Five years ago, the nation rallied around a president who promised vengeance against those responsible for the atrocity of 9/11. Yet Osama bin Laden is still alive and at large. His trail, The Washington Post reports, has gone “stone cold.” Osama and his deputy, Ayman al-Zawahiri, are evidently secure enough in their hideaway that they can taunt us with professional-quality videos.And why is this happening? Krugman explains:
They certainly don’t lack for places to stay. Pakistan’s government has signed a truce with Islamic militants in North Waziristan, the province where bin Laden is presumed to be hiding. Although the Pakistanis say that this doesn’t mean that bin Laden is immune from arrest, their claims aren’t very credible.
Meanwhile, much of Afghanistan has fallen back under the control of drug-dealing warlords and of the Taliban, which sheltered Al Qaeda before it was driven from Kabul. NATO’s top commander has appealed for more troops; the top British commander in Afghanistan has said that fighting there is fiercer than in Iraq. And the numbers bear him out: since the beginning of 2006, the NATO force in Afghanistan has had a higher rate of fatalities than that suffered by coalition troops in Iraq.
The path to this strategic defeat began with the failure to capture or kill bin Laden. Never mind the anti-Clinton hit piece, produced for ABC by a friend of Rush Limbaugh; there never was a clear shot at Osama before 9/11, let alone one rejected by Clinton officials. But there was a clear shot in December 2001, when Al Qaeda’s leader was trapped in the caves of Tora Bora. He made his escape because the Pentagon refused to use American ground troops to cut him off.But the Bush/Cheney cabal had no time for Bin Laden, they had their sites on Iraq long before the tragic events of 911. And how is that mis-adventure gone? over three years after the initial invasion it can safely said that there are winners - Iran and bin Laden's al-Qaeda. There are at least two stories today that point out how bad things are in Mesopotamia.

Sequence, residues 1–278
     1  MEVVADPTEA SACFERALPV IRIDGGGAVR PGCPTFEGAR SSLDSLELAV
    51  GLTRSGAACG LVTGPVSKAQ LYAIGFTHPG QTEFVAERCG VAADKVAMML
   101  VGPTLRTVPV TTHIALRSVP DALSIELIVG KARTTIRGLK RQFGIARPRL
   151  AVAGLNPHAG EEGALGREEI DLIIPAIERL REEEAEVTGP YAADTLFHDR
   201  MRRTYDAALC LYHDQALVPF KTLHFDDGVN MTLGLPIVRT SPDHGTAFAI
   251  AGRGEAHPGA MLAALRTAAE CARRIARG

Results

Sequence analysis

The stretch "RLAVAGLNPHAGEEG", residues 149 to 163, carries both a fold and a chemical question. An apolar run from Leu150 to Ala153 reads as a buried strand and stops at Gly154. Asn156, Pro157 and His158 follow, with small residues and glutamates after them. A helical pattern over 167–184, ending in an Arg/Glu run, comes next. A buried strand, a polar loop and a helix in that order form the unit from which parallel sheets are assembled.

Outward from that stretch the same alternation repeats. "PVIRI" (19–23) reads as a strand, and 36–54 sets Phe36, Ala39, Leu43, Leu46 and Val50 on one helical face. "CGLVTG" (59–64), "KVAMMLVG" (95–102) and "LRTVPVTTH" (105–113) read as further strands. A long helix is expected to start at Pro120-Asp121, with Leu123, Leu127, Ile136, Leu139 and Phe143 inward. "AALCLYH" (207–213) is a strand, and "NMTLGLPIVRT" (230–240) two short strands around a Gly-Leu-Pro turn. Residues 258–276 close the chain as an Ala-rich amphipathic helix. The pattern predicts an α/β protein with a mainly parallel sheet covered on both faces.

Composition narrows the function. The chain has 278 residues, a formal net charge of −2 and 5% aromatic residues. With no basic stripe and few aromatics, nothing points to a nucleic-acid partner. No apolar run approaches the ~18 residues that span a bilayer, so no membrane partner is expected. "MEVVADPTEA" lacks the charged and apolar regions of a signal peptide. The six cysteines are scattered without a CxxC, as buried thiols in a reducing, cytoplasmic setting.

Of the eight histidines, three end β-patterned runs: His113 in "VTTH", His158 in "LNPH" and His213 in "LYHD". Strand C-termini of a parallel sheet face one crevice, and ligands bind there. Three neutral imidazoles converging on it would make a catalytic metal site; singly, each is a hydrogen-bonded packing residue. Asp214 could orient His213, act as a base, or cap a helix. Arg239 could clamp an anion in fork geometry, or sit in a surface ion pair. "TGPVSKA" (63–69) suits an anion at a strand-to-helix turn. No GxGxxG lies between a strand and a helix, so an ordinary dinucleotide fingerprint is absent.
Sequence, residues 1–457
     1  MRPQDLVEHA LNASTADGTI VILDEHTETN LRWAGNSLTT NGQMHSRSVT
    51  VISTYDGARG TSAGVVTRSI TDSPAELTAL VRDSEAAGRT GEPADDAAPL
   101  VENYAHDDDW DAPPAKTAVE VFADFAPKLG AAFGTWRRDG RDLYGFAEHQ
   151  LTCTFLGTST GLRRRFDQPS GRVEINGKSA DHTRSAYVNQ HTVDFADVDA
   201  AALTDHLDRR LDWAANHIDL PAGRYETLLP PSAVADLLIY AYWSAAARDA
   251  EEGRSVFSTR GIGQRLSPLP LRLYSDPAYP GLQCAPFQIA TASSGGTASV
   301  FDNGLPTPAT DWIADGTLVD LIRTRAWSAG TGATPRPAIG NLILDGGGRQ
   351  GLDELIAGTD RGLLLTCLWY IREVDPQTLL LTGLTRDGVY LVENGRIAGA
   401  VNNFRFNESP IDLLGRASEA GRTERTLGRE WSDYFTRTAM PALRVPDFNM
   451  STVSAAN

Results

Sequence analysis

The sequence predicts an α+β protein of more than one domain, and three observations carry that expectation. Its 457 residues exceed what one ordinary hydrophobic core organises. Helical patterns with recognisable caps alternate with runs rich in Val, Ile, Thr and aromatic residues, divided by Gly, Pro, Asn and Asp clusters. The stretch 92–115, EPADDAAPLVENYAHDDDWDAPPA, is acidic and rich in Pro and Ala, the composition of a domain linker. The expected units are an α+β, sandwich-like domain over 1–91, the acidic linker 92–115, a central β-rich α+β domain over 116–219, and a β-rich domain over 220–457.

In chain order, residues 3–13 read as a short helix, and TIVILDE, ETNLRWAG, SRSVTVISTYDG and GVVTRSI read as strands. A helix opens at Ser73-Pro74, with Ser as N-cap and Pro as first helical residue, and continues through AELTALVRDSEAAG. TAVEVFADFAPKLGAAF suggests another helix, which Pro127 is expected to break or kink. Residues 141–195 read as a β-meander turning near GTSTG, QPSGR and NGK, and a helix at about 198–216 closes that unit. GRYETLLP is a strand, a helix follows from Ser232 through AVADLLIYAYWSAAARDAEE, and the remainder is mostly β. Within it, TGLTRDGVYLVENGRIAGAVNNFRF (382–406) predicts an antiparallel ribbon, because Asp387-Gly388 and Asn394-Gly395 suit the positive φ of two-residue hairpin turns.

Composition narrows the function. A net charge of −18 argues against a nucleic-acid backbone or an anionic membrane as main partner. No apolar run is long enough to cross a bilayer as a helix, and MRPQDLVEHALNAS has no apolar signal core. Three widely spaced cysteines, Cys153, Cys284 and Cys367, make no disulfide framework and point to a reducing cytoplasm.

Situation Called Dire in West Iraq
The chief of intelligence for the Marine Corps in Iraq recently filed an unusual secret report concluding that the prospects for securing that country's western Anbar province are dim and that there is almost nothing the U.S. military can do to improve the political and social situation there, said several military officers and intelligence officials familiar with its contents.And if there ever really was a coalition in Iraq it is falling apart.
The officials described Col. Pete Devlin's classified assessment of the dire state of Anbar as the first time that a senior U.S. military officer has filed so negative a report from Iraq.
One Army officer summarized it as arguing that in Anbar province, "We haven't been defeated militarily but we have been defeated politically -- and that's where wars are won and lost."
In Iraq, Tension Over Charter
BAGHDAD, Sept. 10 — An agreement struck 11 months ago by Shiite and Kurdish leaders to win Sunni Arab support for a new constitution is fraying, causing concern among some political leaders that it could jeopardize Iraq’s fragile governing coalition.The "elected" central government and US troops have been unable to keep order and the Iraqis are more and more turning to sectarian militias for protection. While the war in Iraq has weakened the US Iran is stronger than ever and al-Qaeda is alive and well and in the movie business. On this fifth anniversary of 911 all we can see is the complete failure of the Bush administration on the path after 911.
The dispute peaked Sunday as a large Shiite faction continued to fight for quick approval of legislation giving provinces the authority to create autonomous states, which some powerful Shiites are seeking for southern Iraq. Sunni lawmakers and others who oppose the proposal refused to attend Parliament on Sunday, and warned that the plan could severely undermine the country’s unity government.
Shiite lawmakers said earlier on Sunday that they had reached an agreement with Sunnis and other political coalitions to delay the debate on the proposal until Sept. 19. But hours later legislators said that agreement had fallen apart, and it remained unclear whether Shiites would adhere to the delay.
911, Krugman, Iraq, Afghanistan
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